Alice Hiller introduces guest reviewer Isabelle Baafi
From time to time you meet a writer – on the page or in person – whose work gives off an electric charge. Isabelle Baafi’s poems have this quality. She won the 2019 Vincent Cooper Prize in The Caribbean Writer, amongst other distinguished awards, and her deep creative connection with the region is evidenced in her radical and penetrating review for issue 4 of harana poetry about Shivanee Ramlochan’s Everyone Knows I Am A Haunting and Safiyah Sinclair’s Cannibal.
Exploring collections with which she has lived for years, rather than months, and also written in response to, gives Baafi’s insights a depth of reflection and comprehension. It also shows how books can sustain and transform us, as readers and writers, over time. Because this is her first published review, I wanted to ask her briefly about how it came into being, not least to make the path seem more possible for other poets considering reviewing.
Alice Hiller: Can you say something about how this review came into being, Isabelle? I know you have been keeping it in mind for several months.
Isabelle Baafi: First of all, thank you for the opportunity to contribute to harana poetry. It’s an amazing journal and writing this review has been an amazing experience. I first encountered Shivanee Ramlochan’s collection in October 2018 – and it has stayed with me ever since. It’s truly incredible. I read Cannibal last August and it had a profound effect as well. It’s hypnotic and dense, and so ambitious in its goals. I brought Ramlochan’s ‘Duenne Lara’ and Sinclair’s ‘Pocomania’ to our stanza group in September, because I thought they were really strong, complex poems, and because I thought they would stimulate interesting discussions – which they did. Afterwards, when you invited me to review the collections, I was glad to stay with them a little longer. I feel like I’ve learned so much.
AH: Shivanee Ramlochan and Safiyah Sinclair have been transformative writers for you. Was it important to share your understanding of them?
IB: I am an ardent fan of Shivanee’s work and I have a profound respect for Safiya’s also. It was important to me because I feel like both of these collections have received a lot of praise and attention – and rightly so. But there were certain aspects of their composition and excellence that I noticed and didn’t see anyone else write about in depth: Sinclair’s reclamation of savagery, Ramlochan’s use of Creole, or both of their explorations of the landscapes as witness, wound and abettor. To others, these aspects may seem small, but they actually hold so much power, and have a huge resonance.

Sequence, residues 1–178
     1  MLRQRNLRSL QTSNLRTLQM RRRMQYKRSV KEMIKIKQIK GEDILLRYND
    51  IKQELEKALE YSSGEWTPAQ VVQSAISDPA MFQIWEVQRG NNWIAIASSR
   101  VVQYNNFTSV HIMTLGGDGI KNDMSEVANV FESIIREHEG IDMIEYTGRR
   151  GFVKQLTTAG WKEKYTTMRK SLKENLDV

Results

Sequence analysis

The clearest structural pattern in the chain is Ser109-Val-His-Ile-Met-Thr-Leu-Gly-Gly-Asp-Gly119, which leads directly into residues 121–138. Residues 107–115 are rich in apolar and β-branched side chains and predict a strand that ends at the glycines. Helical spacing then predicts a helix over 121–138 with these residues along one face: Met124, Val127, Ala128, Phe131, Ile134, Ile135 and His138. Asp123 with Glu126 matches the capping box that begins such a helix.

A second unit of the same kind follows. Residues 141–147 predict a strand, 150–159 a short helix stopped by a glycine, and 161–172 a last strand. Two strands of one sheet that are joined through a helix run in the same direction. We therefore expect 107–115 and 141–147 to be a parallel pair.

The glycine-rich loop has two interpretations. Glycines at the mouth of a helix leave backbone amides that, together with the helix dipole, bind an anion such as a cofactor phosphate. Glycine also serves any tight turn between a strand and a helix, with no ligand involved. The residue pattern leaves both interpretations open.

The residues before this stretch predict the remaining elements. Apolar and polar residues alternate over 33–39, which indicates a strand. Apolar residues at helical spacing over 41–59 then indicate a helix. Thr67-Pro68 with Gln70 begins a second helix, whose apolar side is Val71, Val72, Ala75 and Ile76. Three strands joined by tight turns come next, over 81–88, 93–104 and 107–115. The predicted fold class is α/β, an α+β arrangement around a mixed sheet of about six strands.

AH: The voice of your essay, with its heightened, imagistic, language, and fierceness of articulation, seems to have entered into a creative conversation with the works of the two poets. Was that a deliberate plan, or did it come about organically?
IB: Thank you for saying so! I think most of all, I wanted to honour the works I was reviewing. Like I said in the essay, these are not easy worlds to navigate, and there are poems in them which I really had to wrestle with to gain a solid, cogent grasp of. But the more I studied them and wrote about them, the more enamoured I became with all of them.
AH: As a writer whose heritage derives from both Africa and the Caribbean, you bring a depth of feeling, and clarity of understanding, to the geographical, cultural and historical subject matters of Ramlochan and Sinclair. Did you experience a sense of recognition, engaging with their work?
IB: Yes, definitely. Their poetry resonates with me a lot because I am always interested in interrogating language. As a black woman born in London, I speak, first and foremost, a language that has designed itself against my existence; a language which is embedded with hatred and violence, and which often negates, marginalises, etc – and sometimes in the most unexpected ways. For instance, I couldn’t believe it when I found out that Thomas Jefferson [a slave-owner] invented the word ‘belittle’! And so I am always suspicious of language, and seeking to discover new meanings in the words we use every day, or to transform them into something alchemic through their alteration. And that is something both poets do in amazing ways.
AH: harana poetry explores languages and language systems co-existing with English for the poets it features and reviews. Did you want to draw attention to the multiple languages within the Caribbean, and the historic forces shaping them, particularly insofar as they impact female identified and queer lives?
IB: The influence of multiple cultures on the languages and dialects of the Caribbean is a really beautiful and powerful thing. Their meeting may not have been on pleasant terms, but even in the midst of conflict, and out of suffering, the peoples of the Caribbean managed to craft new forms of expression that have so much musicality, humour and warmth.
AH: Are there other Caribbean writers who resonate with you and you might recommend to harana poetry readers?
IB: That’s a good question! Caribbean poetry is a world I am still exploring myself, but I think you can’t go wrong with Grace Nichols, Kamau Braithwaite, Aimé Césaire and Linton Kwesi Johnson. Also Danielle Boodoo-Fortuné is another great contemporary poet.
AH: Thank you, Isabelle.